• Some recycling programs may ask you to separate glass containers by color. Many curbside recycling programs will collect clear and colored glass containers and separate them for you.
    • DO NOT include window glass, ceramics, light bulbs, or ovenware, because these items can damage a glass manufacturer’s furnace.
  • Newspaper

    • Newspapers are commonly recycled into paperboard, new newsprint, insulation and animal bedding products. Recycling newspapers saves valuable space in landfills.
    • Put newspapers in paper bags or tie in bundles with string. In general, you can include any inserts (advertisements, comics) originally delivered with the paper.
  • Other paper products

    • Office paper can be recycled into other writing paper, tissue, and towel products. Corrugated cardboard is used to make new paperboard and corrugated boxes.
    • These materials should be handled in the same way as newsprint: store in paper bags or tie in bundles.
  • Aluminium

    • Aluminum is the most valuable of household recyclables. Aluminum cans are recycled to produce new aluminum cans. By recycling aluminum cans, you are helping to conserve energy.
    • To make sure that a can is aluminum, use a magnet and see that it DOES NOT stick to the can’s top and sides. Rinse the cans to prevent attracting insects.
    • Other sources of household aluminum such as clean aluminum foil, clean pie tins, aluminum siding, and the metal frames of aluminum lawn furniture also can be recycled.
  • Steel cans

    • Steel cans are eagerly sought by the steel industry because they are a good source of steel scrap and their tin coating also can be recovered and recycled.
    • To make sure a can is steel, use a magnet and see that it DOES stick to the can’s top and sides. Rinse the case to prevent attracting insects.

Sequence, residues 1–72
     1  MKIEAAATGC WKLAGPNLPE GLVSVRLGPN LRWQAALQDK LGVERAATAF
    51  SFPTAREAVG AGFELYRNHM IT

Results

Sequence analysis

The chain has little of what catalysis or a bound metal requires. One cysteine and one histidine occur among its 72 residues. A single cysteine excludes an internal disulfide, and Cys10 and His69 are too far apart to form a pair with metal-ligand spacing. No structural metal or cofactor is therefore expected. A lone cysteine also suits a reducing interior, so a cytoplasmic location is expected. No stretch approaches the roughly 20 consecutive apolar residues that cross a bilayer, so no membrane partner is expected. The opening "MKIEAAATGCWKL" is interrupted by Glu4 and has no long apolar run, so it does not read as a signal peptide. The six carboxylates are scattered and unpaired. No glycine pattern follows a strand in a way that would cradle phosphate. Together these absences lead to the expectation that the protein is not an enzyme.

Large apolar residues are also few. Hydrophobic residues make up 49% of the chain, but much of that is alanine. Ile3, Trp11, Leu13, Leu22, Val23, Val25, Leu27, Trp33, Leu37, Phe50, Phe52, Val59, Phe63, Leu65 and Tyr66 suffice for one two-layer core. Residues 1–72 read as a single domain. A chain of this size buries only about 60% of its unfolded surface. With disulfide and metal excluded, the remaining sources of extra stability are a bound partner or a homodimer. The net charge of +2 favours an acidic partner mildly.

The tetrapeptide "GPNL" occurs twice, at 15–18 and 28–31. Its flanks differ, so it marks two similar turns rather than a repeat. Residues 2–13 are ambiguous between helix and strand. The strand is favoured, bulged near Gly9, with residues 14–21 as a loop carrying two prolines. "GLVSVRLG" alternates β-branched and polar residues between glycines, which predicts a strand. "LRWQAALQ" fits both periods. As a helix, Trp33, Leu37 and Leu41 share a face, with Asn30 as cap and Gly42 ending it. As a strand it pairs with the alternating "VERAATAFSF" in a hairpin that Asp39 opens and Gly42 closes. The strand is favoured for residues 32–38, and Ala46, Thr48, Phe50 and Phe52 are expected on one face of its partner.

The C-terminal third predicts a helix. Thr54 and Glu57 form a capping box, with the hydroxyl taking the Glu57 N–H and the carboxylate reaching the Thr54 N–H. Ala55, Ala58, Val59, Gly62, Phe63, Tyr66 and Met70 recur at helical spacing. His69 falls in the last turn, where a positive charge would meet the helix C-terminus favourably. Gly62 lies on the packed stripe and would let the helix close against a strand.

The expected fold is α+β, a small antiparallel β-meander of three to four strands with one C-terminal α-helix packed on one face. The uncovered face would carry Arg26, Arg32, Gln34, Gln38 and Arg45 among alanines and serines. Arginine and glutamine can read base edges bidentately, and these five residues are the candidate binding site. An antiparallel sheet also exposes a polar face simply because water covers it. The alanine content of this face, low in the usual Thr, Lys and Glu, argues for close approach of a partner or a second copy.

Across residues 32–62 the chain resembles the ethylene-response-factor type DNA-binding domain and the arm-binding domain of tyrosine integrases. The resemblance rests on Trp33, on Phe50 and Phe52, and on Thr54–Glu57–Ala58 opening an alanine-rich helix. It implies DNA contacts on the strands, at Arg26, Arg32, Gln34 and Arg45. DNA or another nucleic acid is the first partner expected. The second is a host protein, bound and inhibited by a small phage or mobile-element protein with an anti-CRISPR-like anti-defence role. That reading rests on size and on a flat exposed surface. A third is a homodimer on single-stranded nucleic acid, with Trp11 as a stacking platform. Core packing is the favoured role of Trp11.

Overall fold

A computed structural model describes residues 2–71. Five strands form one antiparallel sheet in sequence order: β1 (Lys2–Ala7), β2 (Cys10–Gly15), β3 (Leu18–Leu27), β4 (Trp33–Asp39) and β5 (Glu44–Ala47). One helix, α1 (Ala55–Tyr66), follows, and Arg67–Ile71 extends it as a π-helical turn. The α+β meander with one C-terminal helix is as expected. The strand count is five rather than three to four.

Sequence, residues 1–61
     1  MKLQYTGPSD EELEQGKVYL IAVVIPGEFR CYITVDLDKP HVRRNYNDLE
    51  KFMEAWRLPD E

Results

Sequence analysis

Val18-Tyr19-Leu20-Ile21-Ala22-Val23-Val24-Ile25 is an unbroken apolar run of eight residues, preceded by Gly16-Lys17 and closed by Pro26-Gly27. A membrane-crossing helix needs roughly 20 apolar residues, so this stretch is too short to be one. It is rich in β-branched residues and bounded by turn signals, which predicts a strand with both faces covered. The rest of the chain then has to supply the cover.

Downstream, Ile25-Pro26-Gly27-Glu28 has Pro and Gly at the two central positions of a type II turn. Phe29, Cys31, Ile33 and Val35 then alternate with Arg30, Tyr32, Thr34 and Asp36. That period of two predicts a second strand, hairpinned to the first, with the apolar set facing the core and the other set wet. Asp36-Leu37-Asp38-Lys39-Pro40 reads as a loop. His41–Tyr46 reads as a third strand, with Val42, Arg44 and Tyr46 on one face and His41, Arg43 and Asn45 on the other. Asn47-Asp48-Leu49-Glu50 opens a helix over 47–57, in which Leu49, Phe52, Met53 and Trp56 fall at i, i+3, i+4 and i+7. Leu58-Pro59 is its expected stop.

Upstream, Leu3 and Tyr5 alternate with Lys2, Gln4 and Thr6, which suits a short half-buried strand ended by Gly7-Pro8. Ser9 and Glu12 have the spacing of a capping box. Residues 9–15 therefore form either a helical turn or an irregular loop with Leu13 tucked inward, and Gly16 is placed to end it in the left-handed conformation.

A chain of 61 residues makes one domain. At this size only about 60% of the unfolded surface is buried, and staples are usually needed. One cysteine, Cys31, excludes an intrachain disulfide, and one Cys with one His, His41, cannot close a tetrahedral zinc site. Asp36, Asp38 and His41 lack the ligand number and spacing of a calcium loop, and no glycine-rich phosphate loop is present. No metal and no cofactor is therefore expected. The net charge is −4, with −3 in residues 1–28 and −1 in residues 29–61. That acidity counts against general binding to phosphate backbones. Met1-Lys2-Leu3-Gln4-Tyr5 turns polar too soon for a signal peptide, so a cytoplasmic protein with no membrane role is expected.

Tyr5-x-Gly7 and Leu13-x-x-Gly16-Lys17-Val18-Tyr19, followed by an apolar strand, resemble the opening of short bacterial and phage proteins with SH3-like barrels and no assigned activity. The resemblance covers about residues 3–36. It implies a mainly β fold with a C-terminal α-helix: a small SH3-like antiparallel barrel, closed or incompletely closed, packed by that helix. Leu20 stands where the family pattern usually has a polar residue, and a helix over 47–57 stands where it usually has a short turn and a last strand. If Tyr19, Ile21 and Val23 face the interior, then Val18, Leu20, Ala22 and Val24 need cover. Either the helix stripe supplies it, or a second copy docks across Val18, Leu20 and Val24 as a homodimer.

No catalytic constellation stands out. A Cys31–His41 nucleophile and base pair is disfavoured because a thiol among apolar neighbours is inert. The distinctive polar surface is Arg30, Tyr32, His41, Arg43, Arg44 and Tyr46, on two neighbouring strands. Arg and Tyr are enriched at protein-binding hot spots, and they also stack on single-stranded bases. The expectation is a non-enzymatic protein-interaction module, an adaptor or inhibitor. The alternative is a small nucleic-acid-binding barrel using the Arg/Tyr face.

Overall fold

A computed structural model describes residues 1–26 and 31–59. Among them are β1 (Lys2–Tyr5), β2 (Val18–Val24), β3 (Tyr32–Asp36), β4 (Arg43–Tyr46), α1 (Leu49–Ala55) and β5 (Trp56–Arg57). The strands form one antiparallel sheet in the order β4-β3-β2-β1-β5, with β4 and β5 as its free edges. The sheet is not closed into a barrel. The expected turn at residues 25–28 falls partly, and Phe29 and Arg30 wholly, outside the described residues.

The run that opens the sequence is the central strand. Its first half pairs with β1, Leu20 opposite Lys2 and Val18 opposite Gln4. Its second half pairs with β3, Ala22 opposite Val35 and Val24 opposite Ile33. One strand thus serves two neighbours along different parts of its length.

• Plastic

    • The plastic bottles you recycle could end up as carpet backing, sleeping bag insulation, tool handles, auto parts, trash cans, flower pots, plastic pipes, or even clothing.
    • Don’t forget to rinse bottles before recycling. It is important that you recycle only types of plastics that your community or hauler specifies.
  • Leaves & yard debris

    • Leaves, twigs, and trimmings take up a lot of space and should be taken care of properly to save valuable landfill space.
    • Leaves and yard debris quickly reduce in volume if composted or allowed to degrade into a rich mulch that is an excellent plant fertilizer. You can compost in your own backyard.
  • Motor oil

    • Pennsylvania produces about 35 million gallons of used lubricating oil every year. If this oil is dumped into sewers, soil or streams, it can pollute the water that we drink.
    • Fortunately, used motor oil can be recycled into heating fuel, industrial lubricants and even new motor oil.
    • Your role is simple: store the oil in a sturdy container and take it to an auto repair shop that accepts used oil.
  • Car batteries

    • It’s against the law to dispose of a car (lead-acid) battery with your household trash. This type of battery is recyclable.
    • Car batteries must be taken to a recycling center that takes batteries or an automotive battery retailer in exchange for a new one.